Political McJobs and the State of Young Democratic Professionals

Let me set the stage for you all. I'm a recent graduate of an applied politics master's program, a program designed to train future political orginizers, campaign managers, fundraisers, etc.

Following graduation, I became distressed with the real absense of decent paying work for entry to mid-level political professionals. Far too mant of these jobs are the political "McJobs" (poltiical equivilent of working at McDonald's) that have beed decried by a few prominant bloggers as being truly against the principles that we as progressives are advocating. Even if they pay canvassers 10 to 12 bucks an hour, that's still a far cry from the $30,000 a year a family really needs to make ends meet, especially for these young workers who'll soon be paying off student loans.

I think this is a very urgest crisis in our movement. The absense of well paying jobs with decent benefits with progressive groups. This is what will lead well-education individuals who want to go into campaigning and orginizing to instead move to the private sector and get stuck at desk jobs when they could be out with us, changing the coutry.

What is worse, is many of the perpetrators are groups that we love and respect: Working America (AFL-CIO), Clean Water Action, organizing groups like Grassroots Campaigns and Grassroots Solutions. These groups are exploiting young progressives in my opinion with wages that are decent at 24,000 a year, but insufficient if these young progressives have children or student loans to pay.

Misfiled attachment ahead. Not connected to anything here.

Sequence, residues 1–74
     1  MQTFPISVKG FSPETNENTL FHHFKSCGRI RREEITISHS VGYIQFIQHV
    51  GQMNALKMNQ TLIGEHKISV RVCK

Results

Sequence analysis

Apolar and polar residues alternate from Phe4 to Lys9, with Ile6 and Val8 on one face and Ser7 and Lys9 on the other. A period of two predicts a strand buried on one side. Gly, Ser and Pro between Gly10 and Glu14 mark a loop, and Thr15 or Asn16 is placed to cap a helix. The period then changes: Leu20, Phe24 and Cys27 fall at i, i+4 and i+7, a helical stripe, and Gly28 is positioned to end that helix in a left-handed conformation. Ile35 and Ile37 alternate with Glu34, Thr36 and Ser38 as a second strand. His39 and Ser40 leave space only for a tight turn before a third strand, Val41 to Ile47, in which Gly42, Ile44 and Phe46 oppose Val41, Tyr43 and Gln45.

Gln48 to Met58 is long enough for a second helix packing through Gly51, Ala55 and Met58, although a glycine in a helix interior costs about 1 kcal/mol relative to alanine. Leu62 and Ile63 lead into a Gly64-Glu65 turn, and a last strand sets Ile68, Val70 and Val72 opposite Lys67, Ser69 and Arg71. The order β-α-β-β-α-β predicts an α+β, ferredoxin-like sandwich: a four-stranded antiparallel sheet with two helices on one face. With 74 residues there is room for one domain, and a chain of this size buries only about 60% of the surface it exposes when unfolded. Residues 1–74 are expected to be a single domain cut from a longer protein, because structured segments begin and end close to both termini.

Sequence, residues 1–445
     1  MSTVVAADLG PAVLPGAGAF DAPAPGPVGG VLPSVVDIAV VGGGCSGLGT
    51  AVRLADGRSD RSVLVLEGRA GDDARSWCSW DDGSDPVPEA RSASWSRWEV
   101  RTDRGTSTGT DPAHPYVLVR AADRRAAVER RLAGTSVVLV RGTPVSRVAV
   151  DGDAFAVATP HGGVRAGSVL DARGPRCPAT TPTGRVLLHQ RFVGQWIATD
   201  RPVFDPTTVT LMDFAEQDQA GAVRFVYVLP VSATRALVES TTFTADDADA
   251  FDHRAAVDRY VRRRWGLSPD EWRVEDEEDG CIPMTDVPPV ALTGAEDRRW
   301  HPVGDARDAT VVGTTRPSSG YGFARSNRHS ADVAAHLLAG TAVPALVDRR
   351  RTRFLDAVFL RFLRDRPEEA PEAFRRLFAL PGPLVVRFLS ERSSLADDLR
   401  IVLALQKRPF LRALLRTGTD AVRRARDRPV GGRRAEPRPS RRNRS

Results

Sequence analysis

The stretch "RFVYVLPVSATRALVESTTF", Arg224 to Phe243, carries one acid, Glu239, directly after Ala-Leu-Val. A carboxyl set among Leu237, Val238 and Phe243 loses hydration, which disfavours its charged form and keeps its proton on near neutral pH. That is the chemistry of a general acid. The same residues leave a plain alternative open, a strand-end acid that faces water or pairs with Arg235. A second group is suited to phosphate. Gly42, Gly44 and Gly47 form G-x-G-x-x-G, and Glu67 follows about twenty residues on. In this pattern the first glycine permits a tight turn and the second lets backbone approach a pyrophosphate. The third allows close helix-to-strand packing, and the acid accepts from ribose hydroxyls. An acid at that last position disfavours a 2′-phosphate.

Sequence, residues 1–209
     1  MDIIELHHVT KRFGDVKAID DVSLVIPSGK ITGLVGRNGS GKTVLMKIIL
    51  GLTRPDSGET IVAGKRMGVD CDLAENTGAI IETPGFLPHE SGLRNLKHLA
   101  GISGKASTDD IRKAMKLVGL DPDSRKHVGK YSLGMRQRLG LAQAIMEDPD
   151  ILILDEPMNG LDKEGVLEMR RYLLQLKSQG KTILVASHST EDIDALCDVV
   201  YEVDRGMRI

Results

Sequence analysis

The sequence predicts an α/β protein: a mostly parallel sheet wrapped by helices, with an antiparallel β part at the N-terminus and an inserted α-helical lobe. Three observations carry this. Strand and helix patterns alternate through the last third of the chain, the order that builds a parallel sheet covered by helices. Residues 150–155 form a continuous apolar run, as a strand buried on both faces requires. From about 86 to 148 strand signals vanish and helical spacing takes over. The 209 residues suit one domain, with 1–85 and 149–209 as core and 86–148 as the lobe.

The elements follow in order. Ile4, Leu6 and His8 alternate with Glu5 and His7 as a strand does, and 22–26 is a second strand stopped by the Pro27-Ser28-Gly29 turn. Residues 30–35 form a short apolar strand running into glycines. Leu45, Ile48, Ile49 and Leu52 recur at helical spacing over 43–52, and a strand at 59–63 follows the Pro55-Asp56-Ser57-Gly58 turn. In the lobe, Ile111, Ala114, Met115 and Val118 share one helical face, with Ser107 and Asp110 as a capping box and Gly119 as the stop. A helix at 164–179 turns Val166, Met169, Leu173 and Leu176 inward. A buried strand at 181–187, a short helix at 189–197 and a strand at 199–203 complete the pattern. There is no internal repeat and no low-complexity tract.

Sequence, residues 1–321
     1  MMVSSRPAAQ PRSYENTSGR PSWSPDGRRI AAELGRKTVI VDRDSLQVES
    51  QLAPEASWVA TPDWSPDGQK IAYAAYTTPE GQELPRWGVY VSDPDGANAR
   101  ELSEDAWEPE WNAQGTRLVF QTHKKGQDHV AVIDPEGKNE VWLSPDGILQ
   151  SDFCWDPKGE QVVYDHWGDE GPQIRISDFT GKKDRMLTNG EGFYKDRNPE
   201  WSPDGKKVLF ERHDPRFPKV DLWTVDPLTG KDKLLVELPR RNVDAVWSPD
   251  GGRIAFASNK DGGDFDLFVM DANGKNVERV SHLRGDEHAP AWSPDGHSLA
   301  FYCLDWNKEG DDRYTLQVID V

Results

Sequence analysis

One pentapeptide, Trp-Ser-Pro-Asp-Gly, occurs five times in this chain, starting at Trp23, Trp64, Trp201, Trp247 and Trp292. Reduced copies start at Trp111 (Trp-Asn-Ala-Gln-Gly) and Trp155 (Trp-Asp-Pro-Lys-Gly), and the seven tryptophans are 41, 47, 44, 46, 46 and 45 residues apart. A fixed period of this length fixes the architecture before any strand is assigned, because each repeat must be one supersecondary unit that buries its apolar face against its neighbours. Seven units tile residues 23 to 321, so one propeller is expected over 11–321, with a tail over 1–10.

I'd love to hear input from the community on this. It is an omportant issue for the progressive movement, we need these kind of jobs to provide a farm team of sorts. To get rid of the Mark Penn's of the world and replace them witha  more optimistic and progressive alternative.

Anyway, thatnks for your thoughts, whoever reads this.

Tags: campaigns (all tags)

Comments

10 Comments

Look at DC staff jobs

Most of those young people that take them are from weathy families and are still getting monthly allowances sent from mom or dad.

by dpANDREWS 2008-01-15 09:45AM | 0 recs
you lost me with
your dumbass comment in David Brock's diary.  You have a lot to learn and when you do you will be worth more money.  
I am reminded that recent Poly Sci grads are always my least favorite people on any political campaign.
This is a skill that you learn by doing. But young people with degrees always think the world should be their oyster. Life is a struggle for all recent grads.  When they prove that they have something going for them besides a degree they will get paid more.  
by MollieBradford 2008-01-15 10:03AM | 0 recs
That was a dumbass comment.

But there's no doubt that young people looking for meaningful employment in the political/advocacy/nonprofit fields have a much tougher challenge today than their parents faced. Stern lectures on the need to "struggle" to "prove" yourself are inevitable and miss the point that our economy is being surreptitiously engineered to diminish employment in anything else but corporate enterprises.

by jeffbinnc 2008-01-15 10:53AM | 0 recs
Such compassion and thoughtfulness

what a complete ass.

by dataguy 2008-01-16 09:46AM | 0 recs
Re: Political McJobs and the State of Young Democr
boshea,
You need to read this book: